Du Cao is vice president and director of Chang’an Automobile Group’s Global R&D Center (Plastics News photo by Laurence Mak/Ginger Advertising)
SHANGHAI (May 23, 10 p.m. ET) — In the past few years, China’s automakers have thrown themselves into the development of electronic vehicles. According to Du Cao, the vice president and director of Chang’an Automobile Group’s Global R&D Center, their interest in alternative energy vehicles is driving demand for new plastic applications in the country’s automotive market.
“[In China] we’ve set a very high standard for environmental protection,” said Cao. “Everyone is working on hybrid and new-energy vehicles; all the car manufacturers are researching this.”
Cao was speaking during the China Plastics in Automotive conference, sponsored by Plastics News, in Shanghai.
The push for electronic vehicles is not motivated by environmental protection alone, said Cao. China is also concerned with reducing fuel consumption to reduce its dependence on imported oil. “Reliance on foreign countries is quite high in terms of energy supply,” said Cao. “So new energy is going to be the future trend.”
China has set a target to reduce fuel consumption to 4.5 liters per 100 kilometers by the year 2020. To do this, automakers must work on alternative energy sources and reducing vehicle weight. According to Cao, weight has become the most significant issue for carmakers in China. In hybrid vehicles, for example, weight needs to be reduced by 30 or 40%. At the same time, the addition of batteries to the vehicle will add weight, increasing the need to reduce weight in other parts of the vehicle.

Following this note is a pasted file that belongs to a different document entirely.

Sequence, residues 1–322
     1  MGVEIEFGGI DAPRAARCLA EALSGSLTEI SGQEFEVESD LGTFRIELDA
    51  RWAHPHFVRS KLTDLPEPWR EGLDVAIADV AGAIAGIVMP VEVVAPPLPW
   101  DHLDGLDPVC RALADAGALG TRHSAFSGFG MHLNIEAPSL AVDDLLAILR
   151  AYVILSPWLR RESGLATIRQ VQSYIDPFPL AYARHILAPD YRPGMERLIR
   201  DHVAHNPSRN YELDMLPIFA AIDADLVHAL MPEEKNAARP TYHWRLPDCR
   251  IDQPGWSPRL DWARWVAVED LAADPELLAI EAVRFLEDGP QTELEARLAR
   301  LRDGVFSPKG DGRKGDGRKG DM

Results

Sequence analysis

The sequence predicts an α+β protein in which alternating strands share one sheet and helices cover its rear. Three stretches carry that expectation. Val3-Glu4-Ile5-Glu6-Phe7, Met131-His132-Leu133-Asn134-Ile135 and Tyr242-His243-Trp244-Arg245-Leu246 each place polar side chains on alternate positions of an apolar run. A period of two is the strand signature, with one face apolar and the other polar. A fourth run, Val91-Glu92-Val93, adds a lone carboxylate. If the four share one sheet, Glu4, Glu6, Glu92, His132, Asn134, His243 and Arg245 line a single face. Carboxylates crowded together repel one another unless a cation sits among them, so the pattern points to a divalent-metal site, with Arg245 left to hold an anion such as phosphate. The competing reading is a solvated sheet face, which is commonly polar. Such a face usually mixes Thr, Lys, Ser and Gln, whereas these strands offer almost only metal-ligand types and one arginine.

“There are many channels of achieving lightweighting of the vehicle; we can improve the structure and, sometimes, we can use new materials.” With plastics and composites, structural components can be replaced with lighter materials. Metal door panels, front end modules and oil tanks can all be replaced by plastics. At Chang’an, Cao said, the company is aiming to integrate parts that are currently manufactured separately—a money-saving process that can also be aided by plastics. “We aim to integrate more than 10 of the parts into one simple platform,” he said.
As electric and hybrid vehicles become increasingly popular, Cao expects to see more uses for plastics in vehicles. Chang’an, he said, hopes to be a leader in developing new uses for plastics in vehicles that are both energy efficient and cost-effective. “